Automaker GAC unveils world's first ammonia-powered engine for cars

The 2.0-liter engine can produce 120 kilowatts of electricity and 90 percent less carbon emissions.
Jijo Malayil
Concept image of modern car
Concept image of modern car


In the search for solutions to further sustainable mobility, China's Guangzhou Automobile Group Co. (GAC) has introduced an engine that runs on Ammonia, which can add to the list of greener solutions like electric vehicles and hydrogen fuel cells, reported Bloomberg.

The motor was unveiled at the firm's annual technology event in Beijing along with an eVTOL (electric vertical take-off and landing) called the Gove.

The newly released motor, aimed for use in passenger vehicles, harnesses ammonia, a clean and readily available fuel source, as its primary energy source. This may represent a significant step toward combatting climate change and reducing greenhouse gas emissions associated with traditional gasoline-powered vehicles.

“We’ve overcome the pain point of ammonia being difficult to burn quickly and put the fuel to use in the passenger car industry. Its value to society and for commercial uses are worth anticipating,” said Qi Hongzhong from GAC’s research and development while speaking to reporters at the event.

According to GAC, it has created a 2.0-liter engine that can safely and effectively burn liquid ammonia, producing 120 kilowatts of electricity and 90 percent less carbon emissions than other fuels.

Significant challenges associated with using Ammonia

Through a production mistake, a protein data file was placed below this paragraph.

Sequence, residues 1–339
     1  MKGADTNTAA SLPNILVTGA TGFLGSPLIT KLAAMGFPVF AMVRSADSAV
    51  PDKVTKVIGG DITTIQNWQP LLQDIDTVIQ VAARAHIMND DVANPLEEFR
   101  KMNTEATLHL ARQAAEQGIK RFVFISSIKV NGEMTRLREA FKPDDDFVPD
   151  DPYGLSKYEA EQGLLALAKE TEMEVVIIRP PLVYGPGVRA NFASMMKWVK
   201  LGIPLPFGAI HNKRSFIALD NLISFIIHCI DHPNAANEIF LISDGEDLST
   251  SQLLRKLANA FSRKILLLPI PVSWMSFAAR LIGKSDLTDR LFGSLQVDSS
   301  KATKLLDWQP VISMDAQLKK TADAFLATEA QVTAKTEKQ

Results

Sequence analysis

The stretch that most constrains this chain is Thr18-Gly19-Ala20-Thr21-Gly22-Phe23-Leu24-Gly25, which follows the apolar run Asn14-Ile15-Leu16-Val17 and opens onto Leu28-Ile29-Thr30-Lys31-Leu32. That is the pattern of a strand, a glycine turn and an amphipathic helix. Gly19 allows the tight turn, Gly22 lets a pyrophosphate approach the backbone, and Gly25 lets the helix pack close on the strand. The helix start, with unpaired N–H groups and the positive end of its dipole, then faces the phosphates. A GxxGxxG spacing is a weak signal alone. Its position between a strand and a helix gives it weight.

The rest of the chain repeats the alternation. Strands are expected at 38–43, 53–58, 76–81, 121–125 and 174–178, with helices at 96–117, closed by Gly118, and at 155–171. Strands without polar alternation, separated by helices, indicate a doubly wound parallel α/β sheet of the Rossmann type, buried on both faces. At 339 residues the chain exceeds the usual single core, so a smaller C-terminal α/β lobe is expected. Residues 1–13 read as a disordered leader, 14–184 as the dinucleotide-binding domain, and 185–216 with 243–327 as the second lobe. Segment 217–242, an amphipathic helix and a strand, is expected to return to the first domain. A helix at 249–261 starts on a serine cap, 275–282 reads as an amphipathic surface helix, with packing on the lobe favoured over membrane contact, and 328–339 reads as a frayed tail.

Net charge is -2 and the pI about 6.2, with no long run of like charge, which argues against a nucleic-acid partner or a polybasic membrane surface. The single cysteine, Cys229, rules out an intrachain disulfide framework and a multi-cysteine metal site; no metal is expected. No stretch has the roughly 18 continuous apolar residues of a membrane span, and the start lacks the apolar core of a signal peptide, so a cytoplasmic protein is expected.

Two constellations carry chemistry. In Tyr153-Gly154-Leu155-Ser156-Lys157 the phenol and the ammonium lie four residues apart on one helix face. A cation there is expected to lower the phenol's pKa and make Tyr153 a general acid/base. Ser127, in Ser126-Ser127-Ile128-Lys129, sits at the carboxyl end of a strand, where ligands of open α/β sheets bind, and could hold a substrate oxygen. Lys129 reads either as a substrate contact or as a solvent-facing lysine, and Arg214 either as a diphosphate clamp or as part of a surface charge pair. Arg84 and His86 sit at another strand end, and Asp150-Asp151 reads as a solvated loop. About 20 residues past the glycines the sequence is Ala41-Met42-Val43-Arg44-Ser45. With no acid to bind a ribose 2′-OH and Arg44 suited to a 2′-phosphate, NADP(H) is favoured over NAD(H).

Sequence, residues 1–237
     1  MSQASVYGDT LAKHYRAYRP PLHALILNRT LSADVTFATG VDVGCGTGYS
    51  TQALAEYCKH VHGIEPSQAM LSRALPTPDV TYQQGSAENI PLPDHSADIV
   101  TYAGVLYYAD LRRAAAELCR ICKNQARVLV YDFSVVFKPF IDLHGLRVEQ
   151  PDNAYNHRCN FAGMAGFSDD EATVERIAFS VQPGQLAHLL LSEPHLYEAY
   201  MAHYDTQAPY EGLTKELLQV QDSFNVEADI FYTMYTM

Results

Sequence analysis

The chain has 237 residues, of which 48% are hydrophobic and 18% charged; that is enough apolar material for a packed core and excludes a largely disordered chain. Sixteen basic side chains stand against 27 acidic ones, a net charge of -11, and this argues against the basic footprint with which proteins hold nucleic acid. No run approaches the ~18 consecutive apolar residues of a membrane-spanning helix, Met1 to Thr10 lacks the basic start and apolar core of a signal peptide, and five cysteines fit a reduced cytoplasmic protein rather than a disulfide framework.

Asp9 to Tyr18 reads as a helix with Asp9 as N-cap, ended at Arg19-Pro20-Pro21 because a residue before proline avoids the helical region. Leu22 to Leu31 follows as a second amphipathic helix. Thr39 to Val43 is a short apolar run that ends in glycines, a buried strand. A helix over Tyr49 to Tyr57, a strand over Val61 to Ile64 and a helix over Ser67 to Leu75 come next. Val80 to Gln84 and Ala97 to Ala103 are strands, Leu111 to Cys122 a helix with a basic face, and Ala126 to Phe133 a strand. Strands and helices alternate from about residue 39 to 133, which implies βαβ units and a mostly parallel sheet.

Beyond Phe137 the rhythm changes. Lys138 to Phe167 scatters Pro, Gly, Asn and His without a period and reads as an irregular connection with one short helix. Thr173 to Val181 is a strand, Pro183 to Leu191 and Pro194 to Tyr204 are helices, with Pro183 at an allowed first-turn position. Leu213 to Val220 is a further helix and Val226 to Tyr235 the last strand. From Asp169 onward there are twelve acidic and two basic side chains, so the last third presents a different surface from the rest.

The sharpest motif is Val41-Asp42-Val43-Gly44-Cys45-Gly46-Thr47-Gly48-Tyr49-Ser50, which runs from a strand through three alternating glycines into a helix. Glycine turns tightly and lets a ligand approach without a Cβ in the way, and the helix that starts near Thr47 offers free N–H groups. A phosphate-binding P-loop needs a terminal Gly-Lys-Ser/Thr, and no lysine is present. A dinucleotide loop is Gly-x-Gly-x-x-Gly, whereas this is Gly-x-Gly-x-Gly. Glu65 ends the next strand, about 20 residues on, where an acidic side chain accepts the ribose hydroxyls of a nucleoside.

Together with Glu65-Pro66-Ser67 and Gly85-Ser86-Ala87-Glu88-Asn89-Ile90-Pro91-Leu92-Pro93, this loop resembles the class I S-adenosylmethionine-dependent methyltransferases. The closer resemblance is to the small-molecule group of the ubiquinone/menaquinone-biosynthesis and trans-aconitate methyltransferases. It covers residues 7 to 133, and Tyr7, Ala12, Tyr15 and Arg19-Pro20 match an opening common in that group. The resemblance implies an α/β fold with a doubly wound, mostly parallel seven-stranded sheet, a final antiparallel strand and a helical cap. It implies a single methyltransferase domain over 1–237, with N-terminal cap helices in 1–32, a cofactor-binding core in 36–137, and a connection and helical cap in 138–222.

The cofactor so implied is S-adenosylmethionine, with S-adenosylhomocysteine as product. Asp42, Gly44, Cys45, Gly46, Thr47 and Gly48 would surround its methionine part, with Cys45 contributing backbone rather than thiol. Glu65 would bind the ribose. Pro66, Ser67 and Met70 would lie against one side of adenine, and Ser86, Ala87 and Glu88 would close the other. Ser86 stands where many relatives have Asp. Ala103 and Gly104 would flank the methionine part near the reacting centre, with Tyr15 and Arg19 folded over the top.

Complexities in using ammonia as a fuel source has led to such efforts being directed towards industries such as trucking and shipping rather than passenger vehicles like cars.

According to Bloomberg, this focus stems from the fact that these industries are better equipped to handle the challenges associated with this toxic substance. Established safety protocols and systems are already in place in sectors like commercial shipping, where ammonia has been extensively transported for years as a crucial component in fertilizer production.

Ammonia as an alternative fuel source has gained attention in various industries, including marine engines and fuel cells for vehicles. In May, Mitsubishi Shipbuilding Co.'s successful delivery of an ammonia fuel supply system for marine engines showed progress in adopting this fuel. Furthermore, startups like Amogy Inc. are exploring innovative approaches that involve converting ammonia to hydrogen before using it in fuel cells to power vehicles.

Despite the potential benefits of ammonia as a fuel, several challenges hinder its widespread adoption in passenger cars. Ammonia is a hazardous chemical that requires careful storage, transportation, and dispensing infrastructure. Ensuring safe handling practices and implementing suitable safety measures is crucial.

In comparison, major automakers are currently focusing on electrifying vehicles, primarily through battery electric vehicles (BEVs). The development of electric vehicle technology has gained significant momentum, with substantial investments in battery technology, charging infrastructure, and range improvement. The focus on electrification is driven by the increasing availability of renewable energy sources and the desire to reduce greenhouse gas emissions.

Further research and development to overcome these barriers and make ammonia a practical fuel option for passenger vehicles efforts are nee. Though the automotive industry primarily focuses on electric vehicle technologies, ongoing advancements in technology and concerted efforts from various stakeholders could pave the way for ammonia as a viable fuel option in the future.